Sometimes, a long jump from a burning platform doesn’t end too well.
When ex-Microsoft executive Stephen Elop took the reins of Nokia back in 2011, he memorably compared the Finnish phone-maker to a burning old platform in the North Sea. “I have learned that we are standing on a burning platform,” he wrote in a widely circulated memo. “And, we have more than one explosion—we have multiple points of scorching heat that are fueling a blazing fire around us.”
Elop suggested competitors such as Apple and Google had “poured flames on our market share,” with the damage accelerated by Nokia’s failure to embrace big trends. His solution: abandon Nokia’s homegrown operating systems, including Symbian, in favor of Microsoft’s Windows Phone.
Nokia’s Windows Phones managed to attract some significant buzz at this year’s Consumer Electronics Show, and early sales seemed solid. But now there are signs the situation could be deteriorating.
Reuters reported Oct. 23 that Nokia plans to issue convertible bonds to the tune of roughly $980 million, increasing its cash holdings ahead of the crucial holiday shopping season. “It is a rather cheap way to get extra financing,” Evli analyst Mikko Ervasti told the newswire. “They need buffers (and) their 2014 bond also requires financing.”
Nokia’s issues are compounded by its credit rating, which three major credit agencies downgraded to junk status earlier in 2012. The company has significant liabilities and a dwindling amount of cash on-hand.
Meanwhile, sales of Nokia’s Windows Phone devices plunged from 4 million units in the second quarter to 2.9 million units in the third. Compare that to the tens of millions of units sold in the same period by Apple and the various Android smartphone makers. “In Q3, we continued to manage through a tough transitional quarter for our smart devices business,” Elop wrote in an Oct. 18 statement, “as we shared the exciting innovation ahead with our new line of Lumia products.”
That dip in Windows Phone sales may have something to do with Windows Phone 8, which Microsoft announced over the summer. Current Windows Phone devices (i.e, versions 7.x) won’t be able to upgrade to Windows Phone 8, a consequence of Microsoft’s decision to have the latter share a kernel, file system, graphics support, and other elements with the upcoming Windows 8. Nor will Windows Phone 7.x devices run Windows Phone 8 apps.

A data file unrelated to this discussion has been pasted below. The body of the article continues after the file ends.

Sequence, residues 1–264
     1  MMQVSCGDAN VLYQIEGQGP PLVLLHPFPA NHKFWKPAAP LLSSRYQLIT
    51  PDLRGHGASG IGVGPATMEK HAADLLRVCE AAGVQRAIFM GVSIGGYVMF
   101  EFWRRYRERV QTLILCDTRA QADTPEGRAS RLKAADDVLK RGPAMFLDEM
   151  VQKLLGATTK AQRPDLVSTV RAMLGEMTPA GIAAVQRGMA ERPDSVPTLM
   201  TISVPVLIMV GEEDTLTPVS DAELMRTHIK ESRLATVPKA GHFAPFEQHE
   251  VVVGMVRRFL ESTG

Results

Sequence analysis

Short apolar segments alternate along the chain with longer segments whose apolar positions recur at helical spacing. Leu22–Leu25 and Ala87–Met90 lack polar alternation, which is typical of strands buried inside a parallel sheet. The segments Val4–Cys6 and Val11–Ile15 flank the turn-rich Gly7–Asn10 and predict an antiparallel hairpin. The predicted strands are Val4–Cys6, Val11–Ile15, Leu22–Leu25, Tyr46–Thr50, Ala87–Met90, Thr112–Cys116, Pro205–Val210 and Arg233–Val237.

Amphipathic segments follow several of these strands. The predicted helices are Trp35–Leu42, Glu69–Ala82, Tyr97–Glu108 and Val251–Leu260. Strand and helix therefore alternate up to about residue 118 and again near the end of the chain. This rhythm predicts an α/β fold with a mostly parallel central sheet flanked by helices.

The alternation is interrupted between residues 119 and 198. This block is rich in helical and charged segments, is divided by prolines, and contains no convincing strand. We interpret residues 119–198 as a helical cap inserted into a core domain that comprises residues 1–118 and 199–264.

On top of that, Microsoft refuses to say whether the current Windows Phones will upgrade beyond the upcoming version 7.8. Faced with the prospect of a dead-end operating system variant, a portion of customers considering a Nokia smartphone may have opted to hold off until the Windows Phone 8 devices hit the market.
Nokia’s flagship Windows Phone 8 device is the Lumia 920. Among its other features: a camera with PureView technology, built-in wireless charging, and “City Lens,” an augmented-reality app that overlays information on images of the environment. It’s a nifty device, but it’s also entering an arena packed with nifty, next generation devices.
Should Nokia Have Switched to Windows Phone?
Ever since Elop issued that “burning platform” memo, it’s been widely accepted that Nokia had to do something radical to save it from the predations of its competitors. However, an anti-Elop camp has emerged over the past few quarters, arguing that Symbian was still very much a viable operating system and that Elop’s strategy blasted some sizable holes in those pillars holding up the platform.
“Nokia was the most prevalent brand on the planet, in the pockets of 1.4 Billion customers—that’s more than drink Coca Cola daily and yes, obviously, its more than the total installed base of Microsoft Windows worldwide, and more than even today, Facebook has users,” Tomi Ahonen, a blogger and former Nokia executive, wrote in a widely circulated October blog posting. “Every smart CEO would learn why they are ahead—and not touch one iota of that massively successful strategy his company had.”
Of course, other companies have been in similarly dire straits and not only survived, but eventually prospered (Apple is perhaps the best example of this in the tech world). Can Nokia, armed with its slate of Windows Phone devices (and a small subset of Symbian phones), do the same? The answer to that question hinges on its performance over the next few quarters.